Contrary to the position of this letter?

That’s right.

But I wonder if you thought when you read the letter that, the technicalities aside, there’s at least a perception of prejudgment if she’s signing a letter that says Israelis don’t have a right to self-defense in this context.

Had I been aware of that letter at the time the mission was set up...I might well have said to them maybe she isn’t the most appropriate person. But this came to my attention for the first time months into it. She was already part of the panel, I trusted her, I knew she had an open mind, and I knew this wasn’t a judicial inquiry. And she’s certainly an open-minded person.

You’ve been criticized for holding open hearings, which seemed to some like a kind of propaganda campaign. If the aim is to uncover facts, why broadcast the testimony? Doesn’t that encourage people to engage in showmanship?

My aim was that I thought it would be a means of helping reconciliation—that people in Israel could empathize with what kind of things are going in the war and see the faces and hear the voices. And similarly, I thought it would be a good idea if Palestinians in Gaza could see some of the damage and human suffering caused by the rockets and mortars. Because it seemed to me none of that was going on. Each side was completely blinkered and in denial.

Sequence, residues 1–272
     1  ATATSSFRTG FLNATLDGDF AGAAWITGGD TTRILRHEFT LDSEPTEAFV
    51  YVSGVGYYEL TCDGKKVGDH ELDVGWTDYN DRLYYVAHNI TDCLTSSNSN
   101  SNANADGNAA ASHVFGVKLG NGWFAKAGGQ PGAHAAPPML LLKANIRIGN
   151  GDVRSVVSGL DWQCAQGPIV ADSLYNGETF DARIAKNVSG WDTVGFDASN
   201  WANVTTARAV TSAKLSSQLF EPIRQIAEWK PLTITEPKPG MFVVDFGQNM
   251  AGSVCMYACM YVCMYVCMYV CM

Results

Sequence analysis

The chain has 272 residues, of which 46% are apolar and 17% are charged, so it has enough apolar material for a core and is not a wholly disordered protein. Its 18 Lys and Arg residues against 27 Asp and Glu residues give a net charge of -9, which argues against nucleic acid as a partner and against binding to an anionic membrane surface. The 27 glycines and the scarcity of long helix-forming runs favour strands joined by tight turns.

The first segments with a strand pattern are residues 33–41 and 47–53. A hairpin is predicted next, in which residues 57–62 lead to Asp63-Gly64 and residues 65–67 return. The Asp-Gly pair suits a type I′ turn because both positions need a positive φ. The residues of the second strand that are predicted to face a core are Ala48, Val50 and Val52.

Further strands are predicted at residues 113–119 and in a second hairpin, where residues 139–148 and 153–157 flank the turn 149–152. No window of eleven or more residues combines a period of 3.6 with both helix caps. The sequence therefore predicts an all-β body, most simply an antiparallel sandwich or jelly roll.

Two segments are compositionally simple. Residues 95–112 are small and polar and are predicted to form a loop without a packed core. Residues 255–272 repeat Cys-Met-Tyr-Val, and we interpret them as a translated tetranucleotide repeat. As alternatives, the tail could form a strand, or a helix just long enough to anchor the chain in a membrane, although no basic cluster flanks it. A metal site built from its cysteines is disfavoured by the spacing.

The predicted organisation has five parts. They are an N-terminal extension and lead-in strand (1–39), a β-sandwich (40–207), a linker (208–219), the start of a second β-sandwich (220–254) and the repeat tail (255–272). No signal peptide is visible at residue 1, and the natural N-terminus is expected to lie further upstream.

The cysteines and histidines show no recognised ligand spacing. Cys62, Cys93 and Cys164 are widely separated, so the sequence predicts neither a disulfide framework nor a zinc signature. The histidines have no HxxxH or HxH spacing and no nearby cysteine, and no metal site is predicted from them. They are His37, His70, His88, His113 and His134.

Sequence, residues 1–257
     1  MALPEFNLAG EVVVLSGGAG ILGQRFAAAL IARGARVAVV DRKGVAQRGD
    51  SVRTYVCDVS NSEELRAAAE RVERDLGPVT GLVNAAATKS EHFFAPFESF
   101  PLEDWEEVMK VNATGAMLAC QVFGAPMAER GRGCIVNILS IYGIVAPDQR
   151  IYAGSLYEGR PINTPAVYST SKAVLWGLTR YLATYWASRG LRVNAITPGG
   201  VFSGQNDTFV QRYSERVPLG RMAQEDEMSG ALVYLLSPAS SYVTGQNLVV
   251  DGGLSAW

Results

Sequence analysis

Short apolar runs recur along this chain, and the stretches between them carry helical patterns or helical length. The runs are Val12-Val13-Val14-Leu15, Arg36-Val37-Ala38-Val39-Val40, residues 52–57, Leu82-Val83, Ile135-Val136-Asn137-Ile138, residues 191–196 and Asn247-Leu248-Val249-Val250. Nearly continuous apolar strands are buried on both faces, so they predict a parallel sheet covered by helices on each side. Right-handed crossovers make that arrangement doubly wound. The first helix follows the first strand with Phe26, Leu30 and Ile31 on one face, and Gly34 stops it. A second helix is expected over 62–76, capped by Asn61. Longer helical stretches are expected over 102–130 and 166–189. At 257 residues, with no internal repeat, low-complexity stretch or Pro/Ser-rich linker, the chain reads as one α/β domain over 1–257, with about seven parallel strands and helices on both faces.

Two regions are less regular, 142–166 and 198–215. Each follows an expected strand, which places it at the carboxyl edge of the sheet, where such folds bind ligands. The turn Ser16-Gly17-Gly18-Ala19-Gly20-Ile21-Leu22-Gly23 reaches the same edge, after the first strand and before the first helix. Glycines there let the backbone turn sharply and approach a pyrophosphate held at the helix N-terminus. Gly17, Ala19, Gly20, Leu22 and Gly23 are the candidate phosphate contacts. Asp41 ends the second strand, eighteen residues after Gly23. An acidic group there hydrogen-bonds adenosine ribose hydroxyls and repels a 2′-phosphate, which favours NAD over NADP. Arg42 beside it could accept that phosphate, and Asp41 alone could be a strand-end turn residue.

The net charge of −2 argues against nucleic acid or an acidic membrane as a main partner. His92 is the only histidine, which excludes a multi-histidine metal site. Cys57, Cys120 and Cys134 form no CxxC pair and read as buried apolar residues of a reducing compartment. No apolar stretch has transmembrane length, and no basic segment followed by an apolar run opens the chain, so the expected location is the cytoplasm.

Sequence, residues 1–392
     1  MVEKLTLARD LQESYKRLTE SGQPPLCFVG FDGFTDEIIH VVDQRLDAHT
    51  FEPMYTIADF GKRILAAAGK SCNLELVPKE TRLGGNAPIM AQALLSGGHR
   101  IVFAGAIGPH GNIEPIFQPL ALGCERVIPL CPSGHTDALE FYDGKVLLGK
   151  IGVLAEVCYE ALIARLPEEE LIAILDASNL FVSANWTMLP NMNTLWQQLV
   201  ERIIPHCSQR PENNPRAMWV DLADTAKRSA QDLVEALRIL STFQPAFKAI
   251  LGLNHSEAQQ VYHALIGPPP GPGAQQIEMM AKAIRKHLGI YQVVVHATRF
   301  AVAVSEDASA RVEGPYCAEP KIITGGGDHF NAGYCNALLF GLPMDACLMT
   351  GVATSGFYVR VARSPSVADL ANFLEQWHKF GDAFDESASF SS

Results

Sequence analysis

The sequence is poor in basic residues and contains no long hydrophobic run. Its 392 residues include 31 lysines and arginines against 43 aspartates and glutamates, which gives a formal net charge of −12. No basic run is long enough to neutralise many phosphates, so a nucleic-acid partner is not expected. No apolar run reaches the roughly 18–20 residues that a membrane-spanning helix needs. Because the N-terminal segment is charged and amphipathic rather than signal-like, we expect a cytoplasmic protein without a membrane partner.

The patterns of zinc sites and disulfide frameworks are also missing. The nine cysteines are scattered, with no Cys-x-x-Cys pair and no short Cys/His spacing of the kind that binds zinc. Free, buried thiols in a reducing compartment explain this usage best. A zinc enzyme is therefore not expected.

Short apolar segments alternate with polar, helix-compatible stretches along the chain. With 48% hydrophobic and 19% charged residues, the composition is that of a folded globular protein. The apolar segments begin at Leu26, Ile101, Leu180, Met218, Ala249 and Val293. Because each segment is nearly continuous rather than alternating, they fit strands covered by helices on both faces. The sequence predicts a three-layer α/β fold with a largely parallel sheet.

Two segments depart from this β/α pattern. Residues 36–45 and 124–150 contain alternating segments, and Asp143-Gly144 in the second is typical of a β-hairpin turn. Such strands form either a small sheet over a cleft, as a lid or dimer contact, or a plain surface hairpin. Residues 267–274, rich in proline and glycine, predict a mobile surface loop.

One of the arguments subsequent to the report revolves around the question of whether you guys basically accepted the version of the Palestinian witnesses. The critics say that Hamas supporters walked in, told you their version, and you guys accepted it. How did you go about establishing the credibility of witnesses?

In many ways. First thing, after being a judge for a quarter century, one develops instincts and one has a feeling for people. It’s by no means infallible, but you and I are talking: we either respect each other and feel we’re being truthful with each other or we don’t. It’s that sort of thing. You’re assessing my credibility...and at the end of it, you go away with a feeling. You may in fact completely accept my credibility, but then you get on Google and you find that I’ve told you something that’s completely untrue. That eats away at my credibility. It’s the same exact process. We interviewed people, but then we went to some length to get corroboration. One way was to get satellite images, to check if the dates they gave us were accurate. And we had a database of information and we checked. If someone told us that his home was blasted by Israeli mortars or something on the 3rd of January, we’d go and check on that. We’d check the satellite photos and talk to others.